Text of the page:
Work to restore the Whangārei train station to its original state - on the outside at least - has steamed ahead.

The train station was bought by the Whangārei Men's Shed in 2013 from the Whangārei District Council for $1.

Member Mike Mansell said the building was a "wreck" when they first moved in.

"Whenever it rained, we got deluged. It poured in through various spots."

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The building was rotting and the platform roof was falling apart.

"We were working in very crude conditions and we still did all those projects," Mansell said.

After years of getting the plans and paperwork together and acquiring the funding, construction has been under way for around two years.

Committee secretary Duncan Sutherland said so far they had spent $1 million, almost all in grants and at least another $250,000 worth of their own labour on restoring the building.

There has been a new roof and piles, as well as repairs to plumbing, electrical wiring, windows, doors, walls and plenty more.

They have taken away rooms which were added on, built tables and furniture and painted extensively inside and out.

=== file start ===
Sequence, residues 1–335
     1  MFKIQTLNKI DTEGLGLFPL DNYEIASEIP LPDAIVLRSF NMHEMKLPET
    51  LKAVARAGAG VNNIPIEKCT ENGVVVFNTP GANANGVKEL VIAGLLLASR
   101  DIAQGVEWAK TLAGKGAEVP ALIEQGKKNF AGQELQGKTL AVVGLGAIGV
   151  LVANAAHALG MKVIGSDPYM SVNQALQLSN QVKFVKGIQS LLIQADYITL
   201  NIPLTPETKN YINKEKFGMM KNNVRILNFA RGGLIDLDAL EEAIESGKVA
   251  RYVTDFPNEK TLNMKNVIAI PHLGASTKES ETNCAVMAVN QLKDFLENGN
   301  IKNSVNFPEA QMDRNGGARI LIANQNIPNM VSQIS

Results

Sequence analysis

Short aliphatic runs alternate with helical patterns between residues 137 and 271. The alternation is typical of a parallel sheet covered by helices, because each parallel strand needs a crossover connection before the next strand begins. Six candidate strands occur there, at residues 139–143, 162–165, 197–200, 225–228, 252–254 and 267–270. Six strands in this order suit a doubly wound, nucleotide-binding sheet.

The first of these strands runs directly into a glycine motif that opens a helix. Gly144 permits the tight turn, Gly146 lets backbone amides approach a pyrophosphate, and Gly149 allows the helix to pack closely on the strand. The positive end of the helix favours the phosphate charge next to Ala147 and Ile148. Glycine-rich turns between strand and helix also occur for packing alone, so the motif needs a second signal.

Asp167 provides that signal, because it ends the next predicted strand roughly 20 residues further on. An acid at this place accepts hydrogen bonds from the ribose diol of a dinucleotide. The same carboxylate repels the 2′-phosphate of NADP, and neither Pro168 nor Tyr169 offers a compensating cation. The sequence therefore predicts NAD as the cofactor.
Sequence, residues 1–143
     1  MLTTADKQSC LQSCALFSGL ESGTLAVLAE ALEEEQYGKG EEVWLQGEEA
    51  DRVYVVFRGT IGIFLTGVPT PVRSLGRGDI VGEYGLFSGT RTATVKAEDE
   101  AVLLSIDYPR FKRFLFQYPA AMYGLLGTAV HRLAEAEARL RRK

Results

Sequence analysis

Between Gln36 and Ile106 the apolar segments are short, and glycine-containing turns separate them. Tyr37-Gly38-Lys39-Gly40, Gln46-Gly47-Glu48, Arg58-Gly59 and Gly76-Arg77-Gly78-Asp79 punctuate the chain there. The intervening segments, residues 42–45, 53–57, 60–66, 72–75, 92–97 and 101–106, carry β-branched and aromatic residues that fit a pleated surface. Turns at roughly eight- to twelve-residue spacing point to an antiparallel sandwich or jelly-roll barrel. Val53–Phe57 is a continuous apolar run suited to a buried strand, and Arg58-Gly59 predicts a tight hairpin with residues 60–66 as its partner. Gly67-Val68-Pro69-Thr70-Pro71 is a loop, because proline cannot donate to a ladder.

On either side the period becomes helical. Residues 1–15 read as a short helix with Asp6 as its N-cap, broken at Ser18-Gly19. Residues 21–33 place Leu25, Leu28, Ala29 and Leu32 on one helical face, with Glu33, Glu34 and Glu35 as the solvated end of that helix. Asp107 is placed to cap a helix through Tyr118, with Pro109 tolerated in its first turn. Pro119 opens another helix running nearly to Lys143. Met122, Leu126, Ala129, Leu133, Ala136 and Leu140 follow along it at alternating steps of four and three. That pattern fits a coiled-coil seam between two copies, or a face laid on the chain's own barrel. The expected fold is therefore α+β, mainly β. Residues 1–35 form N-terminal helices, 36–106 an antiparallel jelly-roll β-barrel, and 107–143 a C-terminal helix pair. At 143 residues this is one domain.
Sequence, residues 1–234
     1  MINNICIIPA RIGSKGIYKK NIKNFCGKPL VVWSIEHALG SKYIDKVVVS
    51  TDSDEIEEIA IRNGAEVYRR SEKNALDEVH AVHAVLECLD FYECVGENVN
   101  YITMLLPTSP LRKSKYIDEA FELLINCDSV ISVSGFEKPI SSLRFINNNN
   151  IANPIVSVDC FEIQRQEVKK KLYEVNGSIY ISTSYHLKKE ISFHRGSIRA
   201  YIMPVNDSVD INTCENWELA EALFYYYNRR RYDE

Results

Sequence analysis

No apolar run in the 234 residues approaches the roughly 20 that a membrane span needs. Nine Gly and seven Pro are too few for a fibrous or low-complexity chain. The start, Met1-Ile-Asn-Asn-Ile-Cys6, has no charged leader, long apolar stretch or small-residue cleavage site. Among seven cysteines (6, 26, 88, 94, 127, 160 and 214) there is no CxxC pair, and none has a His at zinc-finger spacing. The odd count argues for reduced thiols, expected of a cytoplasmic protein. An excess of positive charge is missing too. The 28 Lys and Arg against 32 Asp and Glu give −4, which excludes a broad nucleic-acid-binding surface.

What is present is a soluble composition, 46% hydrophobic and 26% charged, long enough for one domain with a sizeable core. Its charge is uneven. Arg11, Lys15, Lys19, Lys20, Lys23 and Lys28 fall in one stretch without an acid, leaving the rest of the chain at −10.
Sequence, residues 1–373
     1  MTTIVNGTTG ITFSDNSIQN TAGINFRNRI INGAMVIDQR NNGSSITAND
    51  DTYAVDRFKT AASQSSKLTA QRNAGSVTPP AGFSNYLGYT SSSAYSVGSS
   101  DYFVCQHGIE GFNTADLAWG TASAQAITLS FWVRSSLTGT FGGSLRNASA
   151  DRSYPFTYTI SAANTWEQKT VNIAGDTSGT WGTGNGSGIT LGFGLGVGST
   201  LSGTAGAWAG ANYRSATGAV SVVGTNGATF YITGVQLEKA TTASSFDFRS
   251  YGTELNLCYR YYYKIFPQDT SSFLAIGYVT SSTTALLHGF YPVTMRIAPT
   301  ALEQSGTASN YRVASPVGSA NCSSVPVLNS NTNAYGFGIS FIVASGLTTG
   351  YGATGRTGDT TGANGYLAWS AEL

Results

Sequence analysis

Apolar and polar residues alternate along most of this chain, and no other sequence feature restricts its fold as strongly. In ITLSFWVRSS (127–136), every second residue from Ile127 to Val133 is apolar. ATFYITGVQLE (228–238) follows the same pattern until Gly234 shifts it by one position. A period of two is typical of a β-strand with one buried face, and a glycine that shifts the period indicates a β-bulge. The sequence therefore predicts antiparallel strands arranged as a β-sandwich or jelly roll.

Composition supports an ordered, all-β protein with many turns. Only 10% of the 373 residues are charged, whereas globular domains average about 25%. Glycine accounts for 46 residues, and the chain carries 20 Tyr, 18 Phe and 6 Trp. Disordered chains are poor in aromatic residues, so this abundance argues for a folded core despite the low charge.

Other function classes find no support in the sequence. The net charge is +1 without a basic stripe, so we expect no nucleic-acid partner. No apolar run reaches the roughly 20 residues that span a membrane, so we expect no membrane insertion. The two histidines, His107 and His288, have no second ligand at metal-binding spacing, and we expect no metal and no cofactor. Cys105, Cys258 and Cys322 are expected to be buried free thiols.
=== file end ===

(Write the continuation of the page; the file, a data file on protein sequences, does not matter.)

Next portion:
"Apart from the large structural work, all the internal work ... has all been done by members."

Whangārei Men's Shed members Mike Mansell, Jack Freeman and Duncan Sutherland inside the newly renovated Whangārei train station. Photo / Michael Cunningham
Whangārei Men's Shed members Mike Mansell, Jack Freeman and Duncan Sutherland inside the newly renovated Whangārei train station. Photo / Michael Cunningham

The building is a Heritage New Zealand grade two building. The external building is being restored to the original plan of the station built in 1925, while the inside is being moulded to suit the Men's Shed.

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Work hasn't finished but the inside has been split up - there's the engineering workshop for all metalworks, including a fireproof room for welding, the woodworking machinery workshop, the hobby workshop, a kitchen and cafeteria room, as well as a space which they will look to rent out, preferably to a not-for-profit organisation.

Sutherland said the group was "in recess" for a bit over a year while the internal renovations were done, but they were picking back up again now with projects.

"We've got a bit of finishing off to do outside, about $50,000 worth of work."

The Men's Shed, which has around 80 members, do a lot of projects for charities and not-for-profit organisations, but members can also bring in their own work.

Member and project manager Jack Freeman said on Monday that the Men's Shed is celebrating the contributions made to the project by members aged 80 and over.

Sutherland hopes to have the project finished and an official opening later in the year.

The shed is open three days a week, Monday, Wednesday and Thursday. To join contact 09 4383925 or email info@mensshed.co.nz